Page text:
The instant case appears to fall precisely midway between the Court's prior rulings. This Defendant was in the custody of the police and at the police sub-station when the field sobriety tests were administered. Yet, Sgt. Mikaele was not qualified to administer field sobriety tests and upon first procuring medical attention for the Defendant, turned him over to Officer Fuifatu for further investigation. Counsel have argued that the previous rulings of this Court support their respective positions on the validity of this arrest. Indeed, both are equally correct in that regard.

[3] This case is different, however, since it involves a motor vehicle accident. The Legislature has specifically set forth its requirements for a valid arrest of a driver involved in an accident under A.S.C.A. § 22.0803. The requirements are that an officer at the scene of an accident must conduct a personal investigation, and upon reasonable and grounds to believe a misdemeanor traffic offense, (or infraction), has occurred, issue a traffic citation.

[4] This Court has interpreted this statute as authorizing an investigating officer to view the accident scene and follow any driver involved therein who is receiving medical treatment and, if reasonable grounds exist, to issue that driver a traffic citation.

[5] In the present case only the sequence of the arrest is at odds with the statute. Officer Fuifatu viewed the accident scene after, not before issuing the traffic citation. In a case not involving personal injury caused by a traffic accident, this sequence would likely prove fatal to the validity of the arrest. And, only a valid arrest for D.U.I. invokes the implied consent to chemical testing under A.S.C.A. § 22.0601 et. seq.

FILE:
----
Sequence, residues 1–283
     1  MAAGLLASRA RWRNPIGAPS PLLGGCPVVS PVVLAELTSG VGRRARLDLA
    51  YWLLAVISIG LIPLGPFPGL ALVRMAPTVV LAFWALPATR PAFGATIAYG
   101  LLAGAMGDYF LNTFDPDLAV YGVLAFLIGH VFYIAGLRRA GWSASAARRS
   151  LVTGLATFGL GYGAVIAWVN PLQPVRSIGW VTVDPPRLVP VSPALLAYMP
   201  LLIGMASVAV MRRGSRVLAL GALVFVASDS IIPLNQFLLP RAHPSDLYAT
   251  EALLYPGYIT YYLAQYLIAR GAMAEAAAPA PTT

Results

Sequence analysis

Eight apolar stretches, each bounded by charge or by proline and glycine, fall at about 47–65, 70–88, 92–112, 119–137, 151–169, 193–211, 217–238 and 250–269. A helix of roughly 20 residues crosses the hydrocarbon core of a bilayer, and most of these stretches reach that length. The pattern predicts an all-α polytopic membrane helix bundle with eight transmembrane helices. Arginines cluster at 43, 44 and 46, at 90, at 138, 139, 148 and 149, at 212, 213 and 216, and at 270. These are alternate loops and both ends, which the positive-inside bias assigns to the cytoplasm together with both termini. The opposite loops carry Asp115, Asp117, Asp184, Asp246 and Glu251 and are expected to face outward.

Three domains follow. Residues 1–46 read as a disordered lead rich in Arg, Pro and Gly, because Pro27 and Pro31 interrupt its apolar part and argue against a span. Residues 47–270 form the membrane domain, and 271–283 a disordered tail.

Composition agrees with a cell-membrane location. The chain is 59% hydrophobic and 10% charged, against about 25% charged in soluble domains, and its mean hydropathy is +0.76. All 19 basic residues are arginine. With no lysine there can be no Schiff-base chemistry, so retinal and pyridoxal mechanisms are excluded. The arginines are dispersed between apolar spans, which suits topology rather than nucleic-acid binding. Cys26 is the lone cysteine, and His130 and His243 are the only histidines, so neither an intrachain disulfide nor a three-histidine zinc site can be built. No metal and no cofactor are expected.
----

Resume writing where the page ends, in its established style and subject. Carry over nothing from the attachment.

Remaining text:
[6-8] Yet A.S.C.A. § 22.0803 does not apply to felonies. Under 22.0708 A.S.C.A. the injury to any person resulting from the operation of a motor vehicle by a person under the influence of intoxicating liquor creates a felony offense. Officers may upon reasonable grounds, arrest persons found near the scene of a felony within a short time after its commission, A.S.C.A. § 46.0805(3).

Under all of the circumstances, Defendant's arrest for driving under the influence was valid. The breathalizer results are therefore admissible as evidence lawfully obtained. [25ASR2d152]

As a logical consequence of this decision, the Court is compelled, however, to dismiss, without prejudice, UTC#131687. The validity of the arrest being predicated upon a felony having been committed, A.S.C.A. § 22.0803 does not authorize a uniform traffic citation to serve as a valid summons, complaint, and affidavit for initiating or sustaining a criminal action. See A.S.C.A. §§ 22.0801, 22.0803, and 22.0810(d).

Nothing prevents the government from refiling a summons, complaint and affidavit in this matter, but uniform traffic citation #131687, issued in violation of A.S.C.A. § 22.0803, can not sustain the present action.

It is so ordered.